It’s a good day for shining your shoes

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Photo by Clem Onojeghuo on Pexels.com

I’ve wondered if the so-called Monday blues was only because I come from a culture that works hard Monday through Friday and then plays hard on Saturday and Sunday.

I get that “I don’t want to work.” I really do. I started my first job outside of my family when I had just turned sixteen. I was a cashier at a steak restaurant. It was the fanciest one in our town. I worked the counter for a few months and then the owner taught me how to count back money. The hours were late, but I have to admit that I enjoyed that job. I also had to get out of my extreme introversion. I was grateful that there was a script of how I should talk to the customer.

Yes, the owner wasn’t leaving anything to chance. He told us what to say. i think he took a particular interest in me because he saw I was smart, young, pretty and had a great memory. How times have changed. My brain has really dropped since chemo and immuno therapy.

The reason I left that job is that my mother decided to quit. If she quit, then both my sister and I had to quit too. I think my sister bussed tables. To be fair, it was over forty years ago.

I was a farm girl before that. Taking care of animals is an every day thing. So before I went to work outside the farm, I hadn’t understood the “Monday blues.”

Its easy for my emotions to slide into the blues category. With a mind like mine on prescriptions, I can get into these loops and ruts that can take me down. I have a few tricks for that though.

  1. I take a nap. Sometimes I start to slide because I am overtired.
  2. I eat something. Sometimes I start to slide because I am hungry.
  3. I take vitamins. With being on immuno suppressants for years, my body doesn’t break down vitamins very well in food. Vit E, Vit D3, and Vit B2 are essential for me.
  4. I take a break and  walk.

So it is food, exercise, and sleep that are the main ingredients for helping me get out of that slide. Plus when I loop because everything is going to shit around me, I use the app “Calm” for a brain break.

But my biggest weapon against the blues is music, especially Peggy Lee’s It’s a Good Day as I am walking the dog. I think this was one of my grandfather’s favorite songs.

On another note, I am sharing a link to Stephanie Osborn’s Alpha and Omega first book in her Division One series. Reading is another way I get out of the blues.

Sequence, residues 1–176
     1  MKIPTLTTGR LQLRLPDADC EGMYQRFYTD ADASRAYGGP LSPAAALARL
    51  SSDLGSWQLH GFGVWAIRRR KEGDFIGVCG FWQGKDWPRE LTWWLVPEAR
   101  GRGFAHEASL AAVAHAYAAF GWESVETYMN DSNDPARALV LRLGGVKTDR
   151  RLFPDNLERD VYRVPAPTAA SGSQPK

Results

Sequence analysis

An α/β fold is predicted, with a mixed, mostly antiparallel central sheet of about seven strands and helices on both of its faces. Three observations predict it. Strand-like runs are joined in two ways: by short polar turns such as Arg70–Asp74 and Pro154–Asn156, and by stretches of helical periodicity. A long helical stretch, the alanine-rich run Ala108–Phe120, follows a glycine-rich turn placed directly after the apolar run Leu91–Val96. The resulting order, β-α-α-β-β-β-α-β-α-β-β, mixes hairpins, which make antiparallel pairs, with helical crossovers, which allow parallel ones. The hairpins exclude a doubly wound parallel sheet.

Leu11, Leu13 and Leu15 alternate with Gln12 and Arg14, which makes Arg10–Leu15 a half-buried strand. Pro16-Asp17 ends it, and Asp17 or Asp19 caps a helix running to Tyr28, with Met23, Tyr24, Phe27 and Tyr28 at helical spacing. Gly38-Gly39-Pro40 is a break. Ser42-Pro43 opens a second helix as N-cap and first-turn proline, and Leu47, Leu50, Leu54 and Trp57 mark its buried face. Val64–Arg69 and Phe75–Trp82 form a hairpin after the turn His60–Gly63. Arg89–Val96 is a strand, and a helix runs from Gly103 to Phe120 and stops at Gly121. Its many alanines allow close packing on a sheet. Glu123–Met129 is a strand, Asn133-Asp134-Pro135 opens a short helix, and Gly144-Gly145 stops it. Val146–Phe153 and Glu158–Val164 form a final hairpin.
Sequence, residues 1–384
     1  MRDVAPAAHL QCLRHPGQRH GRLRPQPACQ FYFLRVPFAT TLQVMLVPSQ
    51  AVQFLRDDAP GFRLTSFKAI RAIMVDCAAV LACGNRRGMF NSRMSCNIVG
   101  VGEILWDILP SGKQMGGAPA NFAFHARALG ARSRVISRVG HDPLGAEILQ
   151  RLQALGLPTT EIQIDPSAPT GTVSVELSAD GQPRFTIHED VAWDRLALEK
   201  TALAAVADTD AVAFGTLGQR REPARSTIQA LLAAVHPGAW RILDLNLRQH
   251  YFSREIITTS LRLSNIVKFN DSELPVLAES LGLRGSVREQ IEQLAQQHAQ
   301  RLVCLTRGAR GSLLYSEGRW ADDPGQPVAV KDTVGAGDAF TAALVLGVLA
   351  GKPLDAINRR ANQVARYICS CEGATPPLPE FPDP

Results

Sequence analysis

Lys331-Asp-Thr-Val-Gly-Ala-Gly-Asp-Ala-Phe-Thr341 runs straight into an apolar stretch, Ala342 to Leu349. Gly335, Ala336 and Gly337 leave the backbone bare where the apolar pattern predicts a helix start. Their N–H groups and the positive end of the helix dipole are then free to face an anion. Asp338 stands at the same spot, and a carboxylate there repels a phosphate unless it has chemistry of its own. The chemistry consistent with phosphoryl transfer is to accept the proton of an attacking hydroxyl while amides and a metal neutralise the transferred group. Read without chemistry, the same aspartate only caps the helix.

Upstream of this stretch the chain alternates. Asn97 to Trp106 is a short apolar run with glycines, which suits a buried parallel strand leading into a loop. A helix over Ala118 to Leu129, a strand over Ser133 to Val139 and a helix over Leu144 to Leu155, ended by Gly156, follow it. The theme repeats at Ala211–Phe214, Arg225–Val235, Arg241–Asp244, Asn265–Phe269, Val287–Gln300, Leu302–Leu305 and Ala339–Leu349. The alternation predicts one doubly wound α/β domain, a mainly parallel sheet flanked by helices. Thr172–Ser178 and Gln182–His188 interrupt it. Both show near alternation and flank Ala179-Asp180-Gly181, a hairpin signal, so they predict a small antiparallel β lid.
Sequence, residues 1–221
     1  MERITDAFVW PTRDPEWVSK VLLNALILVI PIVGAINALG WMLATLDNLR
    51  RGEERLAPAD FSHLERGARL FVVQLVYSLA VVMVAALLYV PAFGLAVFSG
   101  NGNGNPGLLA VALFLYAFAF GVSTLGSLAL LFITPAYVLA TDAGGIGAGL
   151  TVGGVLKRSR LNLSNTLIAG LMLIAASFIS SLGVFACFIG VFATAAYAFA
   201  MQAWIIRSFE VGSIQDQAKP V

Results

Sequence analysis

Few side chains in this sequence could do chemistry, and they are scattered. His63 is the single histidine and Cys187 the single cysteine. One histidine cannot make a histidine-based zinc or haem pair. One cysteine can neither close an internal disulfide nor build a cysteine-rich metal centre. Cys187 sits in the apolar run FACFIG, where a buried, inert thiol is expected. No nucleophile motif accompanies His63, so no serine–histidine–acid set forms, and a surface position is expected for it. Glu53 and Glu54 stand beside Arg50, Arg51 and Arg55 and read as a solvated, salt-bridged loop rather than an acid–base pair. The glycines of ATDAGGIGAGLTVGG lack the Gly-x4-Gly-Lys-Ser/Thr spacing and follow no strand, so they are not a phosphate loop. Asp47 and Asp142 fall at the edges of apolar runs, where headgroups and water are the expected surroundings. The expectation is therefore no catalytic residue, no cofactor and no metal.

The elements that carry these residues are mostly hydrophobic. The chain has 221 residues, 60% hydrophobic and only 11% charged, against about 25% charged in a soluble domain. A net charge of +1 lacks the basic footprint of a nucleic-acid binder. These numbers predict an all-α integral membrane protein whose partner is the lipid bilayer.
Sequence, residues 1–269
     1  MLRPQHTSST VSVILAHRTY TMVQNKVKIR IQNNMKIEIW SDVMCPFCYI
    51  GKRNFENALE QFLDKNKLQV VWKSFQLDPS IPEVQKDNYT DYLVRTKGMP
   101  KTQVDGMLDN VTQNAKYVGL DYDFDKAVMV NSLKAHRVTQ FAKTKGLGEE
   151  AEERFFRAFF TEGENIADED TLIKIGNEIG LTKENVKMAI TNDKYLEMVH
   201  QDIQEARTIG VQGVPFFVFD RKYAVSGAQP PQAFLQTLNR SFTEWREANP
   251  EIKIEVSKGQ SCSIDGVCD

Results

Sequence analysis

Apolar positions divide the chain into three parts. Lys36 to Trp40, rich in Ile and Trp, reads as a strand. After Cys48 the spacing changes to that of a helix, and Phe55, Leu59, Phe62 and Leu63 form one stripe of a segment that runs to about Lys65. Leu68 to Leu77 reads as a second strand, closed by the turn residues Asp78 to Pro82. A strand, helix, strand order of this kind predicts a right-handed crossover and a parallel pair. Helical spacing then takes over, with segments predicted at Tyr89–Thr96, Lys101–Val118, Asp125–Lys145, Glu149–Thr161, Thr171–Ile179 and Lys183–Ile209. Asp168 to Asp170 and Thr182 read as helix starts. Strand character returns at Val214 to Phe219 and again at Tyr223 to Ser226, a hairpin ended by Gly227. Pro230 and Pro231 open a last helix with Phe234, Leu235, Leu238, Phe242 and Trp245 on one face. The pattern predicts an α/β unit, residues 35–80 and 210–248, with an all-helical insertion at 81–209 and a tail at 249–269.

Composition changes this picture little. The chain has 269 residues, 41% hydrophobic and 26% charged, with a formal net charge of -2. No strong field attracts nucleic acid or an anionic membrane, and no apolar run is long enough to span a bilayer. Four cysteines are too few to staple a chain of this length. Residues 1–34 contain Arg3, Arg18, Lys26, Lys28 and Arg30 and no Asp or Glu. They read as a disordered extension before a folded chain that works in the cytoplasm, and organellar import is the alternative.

Happy Reading.

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State of the Writer

IMG_0708So yea, I’ve been having a year of procrastination. A lot has to do with my health and medications. A few months ago my doctors thought it would be a good idea to try out medications for cholesterol and gout. It didn’t end well. It also didn’t help my writing brain.

Today I want to make an accounting and let you know what I have on my writing plate. No excuses.

Since January, I decided to take down “Shira: Hero of Corsindor,” and do an edit. What happened is that the edit turned into a complete rewrite. I’m almost halfway through with this project. I actually printed out the entire thing. I changed the name to Hero of Corsindor. Yes, the one in the Tuesday Snippet. I am working on this one daily and my deadline for the rewrite is September 30, 2018.

Also in January, I took a course with Dean W. Smith called “Depth in Writing.” It actually turned my writing upside down. Whenever I take one of his courses, I feel like my skin is being ripped off and it takes me a few weeks to get that thick skin back. I’ve taken four of his courses now and I have come out a better writer each time. I would like to be more prolific.

These are the projects that are in orbit, waiting to land:

  1. Xandra Peel – a story of a hybrid ogre-human who survives both people and Fae in a post-apocalyptic world.
  2. Unlicensed Sorceress – third book in the Hilda’s Inn world. Hilda has proven she has elemental powers and gets training in a highly political environment.
  3. I’m not dead, yet – non-fiction memoir of the last ten years of surviving WG/GPA, thyroid cancer, and Stage IV kidney disease
  4. The third book in the EJ Hunter world – I don’t know why but this one wants to percolate in my subconscious. The captured boy in the first book wants a voice.

There is a few more on my list, but I am not listing them here. I want to finish these first.

In my short story offerings, I am writing more “Green Knight Terraforming Company” stories. I am going to write more shorts as warm-ups.

One things I have learned is that saying I am going to do something, and actually doing it are two different things. So my next goal is to write every day, even if it is only a sentence or two.

I have no excuse. Even if I find myself on a dialysis machine, I can write during those two or more hours.

I was asked recently if I could see a future. I answered, no. There are too many health variables in my life. I do know two things: I want to finish what I write, and I want to care for my dog. At this time– that has to be enough.

Talk Like a Pirate Day

otto-tune It has been two years since I held his hand as he slipped away from me. His christian name was Edward Dave Tune, but I called him Otto.